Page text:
© John Eliot Gardiner 2008; From a journal written in the course of the Bach Cantata Pilgrimage

Hofmann Notes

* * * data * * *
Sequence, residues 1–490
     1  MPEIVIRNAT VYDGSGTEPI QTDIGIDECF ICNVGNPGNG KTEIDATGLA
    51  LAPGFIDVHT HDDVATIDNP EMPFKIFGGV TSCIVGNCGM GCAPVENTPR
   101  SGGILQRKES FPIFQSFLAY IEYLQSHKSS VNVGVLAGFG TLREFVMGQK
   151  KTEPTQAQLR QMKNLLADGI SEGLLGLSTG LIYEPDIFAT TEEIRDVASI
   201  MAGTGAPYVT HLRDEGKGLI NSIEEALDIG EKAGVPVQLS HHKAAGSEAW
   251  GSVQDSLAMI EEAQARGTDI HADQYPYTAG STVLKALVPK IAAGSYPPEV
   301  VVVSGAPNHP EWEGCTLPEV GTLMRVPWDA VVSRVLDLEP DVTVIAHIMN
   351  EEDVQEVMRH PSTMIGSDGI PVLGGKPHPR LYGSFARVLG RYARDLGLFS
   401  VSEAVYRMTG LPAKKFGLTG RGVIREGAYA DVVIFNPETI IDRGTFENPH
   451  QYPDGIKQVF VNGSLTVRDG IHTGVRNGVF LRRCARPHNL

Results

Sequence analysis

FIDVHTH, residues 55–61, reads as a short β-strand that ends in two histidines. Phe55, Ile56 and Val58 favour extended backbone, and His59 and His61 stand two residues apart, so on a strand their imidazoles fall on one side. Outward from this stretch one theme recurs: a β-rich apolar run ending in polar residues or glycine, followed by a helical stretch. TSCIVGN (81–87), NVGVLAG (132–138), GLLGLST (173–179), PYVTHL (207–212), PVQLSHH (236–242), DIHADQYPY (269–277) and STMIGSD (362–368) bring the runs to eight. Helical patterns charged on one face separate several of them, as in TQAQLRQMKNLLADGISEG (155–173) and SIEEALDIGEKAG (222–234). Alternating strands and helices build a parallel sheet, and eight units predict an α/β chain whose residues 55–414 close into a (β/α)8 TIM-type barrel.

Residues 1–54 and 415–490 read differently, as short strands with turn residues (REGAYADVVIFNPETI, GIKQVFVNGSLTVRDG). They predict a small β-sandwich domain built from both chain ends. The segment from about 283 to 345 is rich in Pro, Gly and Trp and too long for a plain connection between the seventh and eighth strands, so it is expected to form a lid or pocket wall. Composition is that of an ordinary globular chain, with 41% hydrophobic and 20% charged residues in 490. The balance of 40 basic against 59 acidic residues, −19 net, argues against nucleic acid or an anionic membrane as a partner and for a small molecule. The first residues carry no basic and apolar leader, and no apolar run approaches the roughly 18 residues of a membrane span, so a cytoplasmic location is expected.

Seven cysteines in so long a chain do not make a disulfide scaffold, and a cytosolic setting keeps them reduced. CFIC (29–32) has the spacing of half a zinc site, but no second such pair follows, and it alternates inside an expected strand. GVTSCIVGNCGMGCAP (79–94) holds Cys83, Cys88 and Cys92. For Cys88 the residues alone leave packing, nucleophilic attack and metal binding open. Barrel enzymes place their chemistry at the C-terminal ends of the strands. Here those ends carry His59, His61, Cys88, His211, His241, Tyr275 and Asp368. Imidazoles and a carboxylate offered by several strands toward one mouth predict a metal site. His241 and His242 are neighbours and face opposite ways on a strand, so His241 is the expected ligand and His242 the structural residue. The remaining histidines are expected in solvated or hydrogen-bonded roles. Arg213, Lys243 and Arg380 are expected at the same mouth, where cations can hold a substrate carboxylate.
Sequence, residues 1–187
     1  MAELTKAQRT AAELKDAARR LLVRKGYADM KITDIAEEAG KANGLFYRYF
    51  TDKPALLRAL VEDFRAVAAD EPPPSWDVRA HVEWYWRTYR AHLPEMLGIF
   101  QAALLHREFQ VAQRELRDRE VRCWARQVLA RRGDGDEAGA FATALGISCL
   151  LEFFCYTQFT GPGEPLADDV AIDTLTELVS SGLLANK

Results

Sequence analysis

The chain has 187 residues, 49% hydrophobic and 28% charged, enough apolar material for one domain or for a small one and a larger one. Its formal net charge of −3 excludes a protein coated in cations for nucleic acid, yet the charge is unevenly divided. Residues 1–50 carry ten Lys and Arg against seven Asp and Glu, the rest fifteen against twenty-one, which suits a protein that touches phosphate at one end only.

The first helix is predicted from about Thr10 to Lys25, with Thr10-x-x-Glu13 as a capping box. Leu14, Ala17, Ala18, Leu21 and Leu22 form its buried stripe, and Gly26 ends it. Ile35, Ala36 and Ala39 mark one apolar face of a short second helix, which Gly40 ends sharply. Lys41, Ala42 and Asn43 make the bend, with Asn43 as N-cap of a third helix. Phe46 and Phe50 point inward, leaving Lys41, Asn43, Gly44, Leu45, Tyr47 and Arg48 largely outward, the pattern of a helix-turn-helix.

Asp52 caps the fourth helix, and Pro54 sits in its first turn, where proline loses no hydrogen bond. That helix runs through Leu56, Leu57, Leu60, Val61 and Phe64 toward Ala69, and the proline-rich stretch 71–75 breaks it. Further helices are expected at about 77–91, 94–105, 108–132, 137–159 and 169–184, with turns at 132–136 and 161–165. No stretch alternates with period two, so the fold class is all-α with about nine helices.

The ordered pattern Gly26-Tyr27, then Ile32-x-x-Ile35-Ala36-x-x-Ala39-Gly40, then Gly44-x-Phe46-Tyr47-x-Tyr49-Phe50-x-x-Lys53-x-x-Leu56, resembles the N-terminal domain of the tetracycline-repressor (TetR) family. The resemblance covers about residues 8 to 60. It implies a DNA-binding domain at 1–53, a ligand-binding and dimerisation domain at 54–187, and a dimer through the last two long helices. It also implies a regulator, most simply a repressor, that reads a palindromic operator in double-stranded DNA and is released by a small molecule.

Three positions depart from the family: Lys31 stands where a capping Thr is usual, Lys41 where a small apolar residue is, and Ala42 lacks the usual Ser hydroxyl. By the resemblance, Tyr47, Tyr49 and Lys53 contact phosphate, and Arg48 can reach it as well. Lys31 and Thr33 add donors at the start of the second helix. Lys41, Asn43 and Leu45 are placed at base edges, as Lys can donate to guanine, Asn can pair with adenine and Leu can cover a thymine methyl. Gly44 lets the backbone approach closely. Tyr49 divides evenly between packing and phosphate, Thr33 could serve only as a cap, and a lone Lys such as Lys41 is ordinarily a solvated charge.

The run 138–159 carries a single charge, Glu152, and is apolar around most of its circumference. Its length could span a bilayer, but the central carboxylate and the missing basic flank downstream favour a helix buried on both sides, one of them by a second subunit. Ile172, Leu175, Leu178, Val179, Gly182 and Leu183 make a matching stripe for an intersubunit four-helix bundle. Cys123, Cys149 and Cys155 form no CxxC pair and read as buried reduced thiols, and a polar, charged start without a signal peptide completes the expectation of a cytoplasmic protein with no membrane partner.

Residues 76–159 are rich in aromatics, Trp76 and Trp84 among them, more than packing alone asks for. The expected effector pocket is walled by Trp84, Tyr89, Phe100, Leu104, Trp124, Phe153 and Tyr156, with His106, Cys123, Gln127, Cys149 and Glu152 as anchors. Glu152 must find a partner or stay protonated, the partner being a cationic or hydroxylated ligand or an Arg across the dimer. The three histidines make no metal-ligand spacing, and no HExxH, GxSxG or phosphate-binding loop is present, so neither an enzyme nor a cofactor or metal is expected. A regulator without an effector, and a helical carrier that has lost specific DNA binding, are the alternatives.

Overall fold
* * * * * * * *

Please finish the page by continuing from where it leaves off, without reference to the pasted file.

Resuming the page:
Cantata 41 emphasizes the civil new year while invoking the naming of Jesus, says Klaus Hofmann in his 2006 liner notes to the Masaaki Suzuki BIS complete sacred cantata recordings. 8 <<Bach’s New Year cantata “Jesu, nun sei gepreiset” was intended for a day that has long had a double character within the church tradition: it begins the civil year and thus provides an opportunity for a grateful look back at the past year and an eager anticipation of the one to come. On the other hand, according to an older tradition that predates the introduction of the civil calendar, it is part of the Christmas celebrations, the day on which Jesus’ circumcision and naming are remembered by means of the reading from Luke 2, verse 21. Admittedly Bach’s cantata begins with an invocation and thus also with Jesus’ name, but thereafter it is entirely concerned with thoughts of the new year. The piece was written for the new year 1725 and is based on a new year hymn that was then very popular in Leipzig and to which Bach returned in his new year cantatas BWV190 and 171: “Jesu, nun sei gepreiset,” by the Silesian-born poet and theologian Johann Herman (1585-1647), using a melody from the 16th century.